There has been no shortage of global warming-related stories in the news lately. On Sunday night, An Inconvenient Truth received a Best Feature Documentary Oscar. Yesterday, California's Arnold Schwarzenegger and the governors of four other western states jointly revealed plans to reduce greenhouses gases through a "cap-and-trade" program. And today, The Wall Street Journal announced that the Edison Electric Institute -- whose members generate more than half of all the electricity in the U.S. -- and the American Gas Association had publicly agreed to support some sort of mandatory curb on carbon dioxide.

None of this is particularly surprising; I have written before about how General Electric (NYSE:GE), Alcoa (NYSE:AA), and Duke Energy (NYSE:DUK), among other leading corporations, have recently dropped their opposition to controls on carbon emissions and jumped on this bandwagon. What is new, however, is news buried deep within today's Wall Street Journal, reporting that JPMorgan Chase (NYSE:JPM) will be announcing the creation of a new index of high-grade corporate bonds. Dubbed the "Environmental Index-Carbon Beta," this will offer bond investors a method for measuring energy companies' exposure to toughening global-warming-emission rules.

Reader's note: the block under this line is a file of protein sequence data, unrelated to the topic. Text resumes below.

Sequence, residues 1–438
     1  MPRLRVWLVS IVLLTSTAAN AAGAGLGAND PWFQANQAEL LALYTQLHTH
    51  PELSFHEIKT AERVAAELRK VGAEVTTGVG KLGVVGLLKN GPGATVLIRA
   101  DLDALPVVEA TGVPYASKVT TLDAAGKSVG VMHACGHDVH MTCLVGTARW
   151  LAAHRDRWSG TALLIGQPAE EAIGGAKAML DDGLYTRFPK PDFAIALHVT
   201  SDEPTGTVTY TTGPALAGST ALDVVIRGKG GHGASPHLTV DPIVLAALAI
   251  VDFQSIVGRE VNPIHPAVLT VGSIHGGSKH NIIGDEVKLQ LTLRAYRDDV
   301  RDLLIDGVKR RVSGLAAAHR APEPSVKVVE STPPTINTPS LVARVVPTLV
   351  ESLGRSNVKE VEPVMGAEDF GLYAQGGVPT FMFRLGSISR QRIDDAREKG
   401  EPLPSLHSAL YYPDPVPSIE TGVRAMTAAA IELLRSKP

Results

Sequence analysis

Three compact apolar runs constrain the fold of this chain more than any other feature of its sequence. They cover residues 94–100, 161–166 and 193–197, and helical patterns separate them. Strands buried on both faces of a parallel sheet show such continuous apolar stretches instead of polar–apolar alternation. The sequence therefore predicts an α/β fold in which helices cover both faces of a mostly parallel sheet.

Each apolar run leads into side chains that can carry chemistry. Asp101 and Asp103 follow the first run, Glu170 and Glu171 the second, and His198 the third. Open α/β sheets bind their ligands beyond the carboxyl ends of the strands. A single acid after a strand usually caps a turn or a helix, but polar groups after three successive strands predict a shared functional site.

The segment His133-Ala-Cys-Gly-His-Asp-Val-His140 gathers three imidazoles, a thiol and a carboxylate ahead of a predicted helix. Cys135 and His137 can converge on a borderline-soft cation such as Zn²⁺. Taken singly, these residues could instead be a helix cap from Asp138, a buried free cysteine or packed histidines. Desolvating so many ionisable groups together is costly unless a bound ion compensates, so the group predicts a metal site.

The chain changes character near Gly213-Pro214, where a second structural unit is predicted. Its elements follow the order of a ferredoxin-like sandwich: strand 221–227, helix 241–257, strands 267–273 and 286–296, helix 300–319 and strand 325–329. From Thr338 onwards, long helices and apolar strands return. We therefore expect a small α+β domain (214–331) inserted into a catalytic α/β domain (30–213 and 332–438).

More succinctly, the index acknowledges that some companies' debt will be a better bet than others, depending on the type of regulations enacted into law. As examples, the article suggests that FPL Group (NYSE:FPL) will receive a higher rating because it has made significant investments in renewable energy, while DTE Energy (NYSE:DTE) will receive a lower rating because it burns a lot of coal.

Congress has not yet passed legislation on carbon emissions, but with no fewer than five different versions of a federal cap-and-trade bill working their ways through Capitol Hill, it's clear that it is only a matter of time before such legislation is passed into law.

I mention all of this because while the index is clearly geared toward bond investors, it could also offer other investors a useful tool for assessing how different companies will fare under whatever new regulatory regime is enacted.

JPMorgan Chase and Duke Energy are Income Investor selections. Discover more great dividend-paying stocks with a free 30-day trial.

Fool contributor Jack Uldrich does not have a stake in any of the companies mentioned in this article. The Fool has a strict disclosure policy.